Peer review does not determine what is and isn’t science–it only defines the means by which some prima donna academics who consider themselves absolute authorities can manipulate conventional wisdom, at least temporarily. Look no further than the influence of peer review on the Belousov-Zhabotinsky reaction.

6. NDEs are nothing more than euphoric hallucinations caused by chemical reactions in a dying brain.

Actually, there is scientific evidence known as corroborated veridical NDE perceptions that, if true, clearly and completely debunks that argument.

5. Corroborated veridical NDE events defy the laws of physics.

The problem with that assertion is the claim that accurate new memories can be formed by an individual while separated from his physical brain can and has been investigated. Rather than being debunked by having the evidence investigated and proved false, investigations have allegedly been able to corroborate many examples of this “impossible” evidence that would seem to defy “laws” of physics as they are currently understood. Refusing to look at evidence such as the Pam Reynolds memories apparently created outside her physical body during her famous “Operation Standstill” surgery, an extraordinarily well-documented medical procedure in which her physical condition was being carefully monitored by scientific instruments and medical observers while the events in question occurred.

4. Your book is nothing but quote mining. You’ve taken experts out of context and twisted the intended meaning of their words.

Quote mining has been defined as the deceitful practice of taking a quote out of context to make it appear the author of the quote agrees with your position.

In my book, my practice has been to quote various scientists verbatim to illustrate their obvious bias toward atheism, but I’ve never pretended any of them agreed with me.  I’ve merely used their own words, properly referenced and attributed to each source, and used the exact words of these atheists posing as scientists to expose the fallacy of their logic. One particularly persistent critic insisted that one quote in my book from George Wald was quote mined, apparently because the talkorigins website said as much.

However, the context in which the quote was used did not attempt to twist the meaning of what Dr. Wald was saying in order to deceive the reader. Dr. Wald and I were agreeing that in his context, the word “impossible” was changed to mean “highly improbable” and not the literal interpretation of the word.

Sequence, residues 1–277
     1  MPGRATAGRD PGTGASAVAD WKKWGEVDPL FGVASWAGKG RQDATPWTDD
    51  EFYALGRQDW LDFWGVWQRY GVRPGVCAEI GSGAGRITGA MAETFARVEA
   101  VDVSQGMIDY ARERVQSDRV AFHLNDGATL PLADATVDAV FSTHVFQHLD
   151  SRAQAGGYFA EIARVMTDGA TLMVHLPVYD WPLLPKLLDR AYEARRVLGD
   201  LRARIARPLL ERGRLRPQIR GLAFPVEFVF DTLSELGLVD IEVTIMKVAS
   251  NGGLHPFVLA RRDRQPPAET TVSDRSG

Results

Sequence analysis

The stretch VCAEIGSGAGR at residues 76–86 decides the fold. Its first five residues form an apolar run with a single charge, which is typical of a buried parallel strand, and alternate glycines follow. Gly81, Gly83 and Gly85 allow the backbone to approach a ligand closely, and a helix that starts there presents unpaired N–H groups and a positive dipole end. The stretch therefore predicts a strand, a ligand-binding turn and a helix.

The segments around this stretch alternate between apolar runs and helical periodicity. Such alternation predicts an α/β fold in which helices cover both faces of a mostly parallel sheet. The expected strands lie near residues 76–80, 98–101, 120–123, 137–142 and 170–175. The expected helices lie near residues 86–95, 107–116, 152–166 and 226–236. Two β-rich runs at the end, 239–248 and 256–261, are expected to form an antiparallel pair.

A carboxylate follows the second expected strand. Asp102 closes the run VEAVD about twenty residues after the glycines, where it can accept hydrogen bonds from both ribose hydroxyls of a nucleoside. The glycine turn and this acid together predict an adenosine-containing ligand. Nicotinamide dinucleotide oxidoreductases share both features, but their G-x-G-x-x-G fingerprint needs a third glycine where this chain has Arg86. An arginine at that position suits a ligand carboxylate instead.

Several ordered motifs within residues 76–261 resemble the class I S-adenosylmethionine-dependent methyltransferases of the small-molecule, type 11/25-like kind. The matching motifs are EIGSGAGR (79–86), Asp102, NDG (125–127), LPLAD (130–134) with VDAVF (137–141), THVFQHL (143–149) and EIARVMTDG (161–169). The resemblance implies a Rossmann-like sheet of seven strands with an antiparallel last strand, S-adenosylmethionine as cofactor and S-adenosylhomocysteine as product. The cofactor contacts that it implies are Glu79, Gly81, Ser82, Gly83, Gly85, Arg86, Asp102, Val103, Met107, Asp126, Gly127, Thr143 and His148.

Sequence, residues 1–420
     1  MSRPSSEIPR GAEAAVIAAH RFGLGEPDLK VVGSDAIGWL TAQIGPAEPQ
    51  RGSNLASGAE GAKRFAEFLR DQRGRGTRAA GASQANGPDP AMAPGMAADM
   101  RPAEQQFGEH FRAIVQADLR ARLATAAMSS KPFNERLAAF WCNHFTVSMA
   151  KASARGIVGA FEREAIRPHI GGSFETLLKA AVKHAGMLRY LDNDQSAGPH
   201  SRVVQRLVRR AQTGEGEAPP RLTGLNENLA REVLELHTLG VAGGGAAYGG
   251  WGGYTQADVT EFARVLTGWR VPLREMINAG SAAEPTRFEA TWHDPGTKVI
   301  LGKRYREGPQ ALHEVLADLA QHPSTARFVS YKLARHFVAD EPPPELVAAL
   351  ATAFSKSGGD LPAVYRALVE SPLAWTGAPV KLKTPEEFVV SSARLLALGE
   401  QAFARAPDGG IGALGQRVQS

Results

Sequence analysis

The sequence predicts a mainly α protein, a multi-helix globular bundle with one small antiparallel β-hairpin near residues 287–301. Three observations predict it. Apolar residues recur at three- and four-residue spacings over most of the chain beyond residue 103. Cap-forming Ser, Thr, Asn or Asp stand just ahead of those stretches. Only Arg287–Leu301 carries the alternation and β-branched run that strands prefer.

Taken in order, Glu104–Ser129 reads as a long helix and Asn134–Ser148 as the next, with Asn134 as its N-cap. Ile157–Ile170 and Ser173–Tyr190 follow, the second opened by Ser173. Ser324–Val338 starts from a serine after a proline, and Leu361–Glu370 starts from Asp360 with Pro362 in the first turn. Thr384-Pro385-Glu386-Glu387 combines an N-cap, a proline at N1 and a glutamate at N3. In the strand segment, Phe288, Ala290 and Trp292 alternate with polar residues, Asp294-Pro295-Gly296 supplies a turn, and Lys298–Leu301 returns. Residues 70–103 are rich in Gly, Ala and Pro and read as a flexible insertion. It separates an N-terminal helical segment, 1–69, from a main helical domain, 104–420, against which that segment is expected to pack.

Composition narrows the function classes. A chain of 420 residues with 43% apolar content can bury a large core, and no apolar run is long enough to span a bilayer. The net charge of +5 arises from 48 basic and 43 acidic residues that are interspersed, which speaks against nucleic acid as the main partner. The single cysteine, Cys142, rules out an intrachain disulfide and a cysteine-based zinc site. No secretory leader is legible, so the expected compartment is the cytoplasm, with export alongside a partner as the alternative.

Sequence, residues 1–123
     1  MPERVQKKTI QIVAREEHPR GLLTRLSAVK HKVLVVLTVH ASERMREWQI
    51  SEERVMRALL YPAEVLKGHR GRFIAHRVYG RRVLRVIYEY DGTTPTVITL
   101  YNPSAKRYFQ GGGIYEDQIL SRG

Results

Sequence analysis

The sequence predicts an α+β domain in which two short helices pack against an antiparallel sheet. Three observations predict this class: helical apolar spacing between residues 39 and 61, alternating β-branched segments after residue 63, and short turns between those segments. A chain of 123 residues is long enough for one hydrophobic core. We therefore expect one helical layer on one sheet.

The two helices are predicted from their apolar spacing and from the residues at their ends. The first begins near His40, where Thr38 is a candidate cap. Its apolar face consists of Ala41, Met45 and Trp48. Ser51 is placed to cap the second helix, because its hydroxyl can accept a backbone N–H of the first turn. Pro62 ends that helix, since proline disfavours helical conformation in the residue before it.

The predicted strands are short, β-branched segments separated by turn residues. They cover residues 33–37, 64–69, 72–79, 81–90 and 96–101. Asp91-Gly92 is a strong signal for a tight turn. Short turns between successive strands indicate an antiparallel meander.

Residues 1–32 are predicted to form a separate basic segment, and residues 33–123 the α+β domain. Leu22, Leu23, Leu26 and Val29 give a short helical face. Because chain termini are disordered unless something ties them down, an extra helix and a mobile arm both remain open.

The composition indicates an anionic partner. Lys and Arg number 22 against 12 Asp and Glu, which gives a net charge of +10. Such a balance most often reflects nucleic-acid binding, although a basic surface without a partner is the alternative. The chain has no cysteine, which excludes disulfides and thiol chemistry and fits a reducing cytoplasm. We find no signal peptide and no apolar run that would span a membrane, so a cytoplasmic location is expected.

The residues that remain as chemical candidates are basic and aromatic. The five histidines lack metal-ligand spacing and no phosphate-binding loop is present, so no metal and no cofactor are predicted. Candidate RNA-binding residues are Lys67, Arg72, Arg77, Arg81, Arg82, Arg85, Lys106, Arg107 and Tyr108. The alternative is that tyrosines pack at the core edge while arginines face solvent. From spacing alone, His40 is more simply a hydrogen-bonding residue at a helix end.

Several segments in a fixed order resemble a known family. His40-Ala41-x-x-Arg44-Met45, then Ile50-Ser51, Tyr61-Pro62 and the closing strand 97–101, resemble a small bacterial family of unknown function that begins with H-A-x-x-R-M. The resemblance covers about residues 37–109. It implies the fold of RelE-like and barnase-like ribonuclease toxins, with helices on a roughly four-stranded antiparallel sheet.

My argument was to show how the quote illustrated how the atheist/scientist deliberately created a bias toward his atheistic worldview by attempting to redefine impossible to mean something else.

This particular critic seemed to be worked up that the phrase “It will help to digress for a moment to ask what one means by “impossible” had been omitted from Wald’s quote but that utterly fails to negate the point I succeeded in making in my book this critic refused to read.

As a writer who depends on the English language, let me be clear in saying the meaning of the word “impossible” is not open for negotiation.

The word impossible simply means “not possible”, as in “can never happen.” It doesn’t mean “highly unlikely”, unless that interpretation is being deliberately used in a deliberate attempt to create confusion by the quote’s author.

It seems the only time that atheists use the word ‘impossible’ and actually mean it is when they claim it is impossible to believe in a supernatural God.

Only then do they sincerely mean ‘not possible.’

Because I was not twisting, but in fact reinforcing the intent of Wald’s words with my specific usage of the correctly cited example, my book will not require any retractions or corrections due to its usage.

3. Evolution is a fact. No scientist agrees with you.

Evolution is not even a scientific theory — those are called speciation and natural selection. Evolution theory is an atheistic philosophy formed by an interpretation of scientific evidence that assumes descent rather than design as the only possible explanation for modern life, which is absurd.

Until Darwin wrote his book, the only person who might have been said agreed with him about his theory of natural selection was Alfred Russell Wallace.

And Galileo failed his peer review. As long as it is assumed evidence of something cannot exist, that evidence will successfully be ignored until the alternate theories all have failed completely.

2. The Earth cannot be/must be 6,000 years old. You aren’t a “real” Christian.

On some issues, it truly seems impossible to please anybody.

Apparently, I can’t get away with just saying “I don’t know, and I don’t really care.”

But it’s true; I don’t. It isn’t critically important to know, I don’t think.

I have referred to myself as YEC-agnostic, which means I really don’t know how old the Earth is. Scientists have estimated the age of the Earth as approximately 4.54 billion years, I am aware of that much. Evangelical Christians may reply that according to the calculations of Bishop Ussher, the Earth is only 6,000 years old.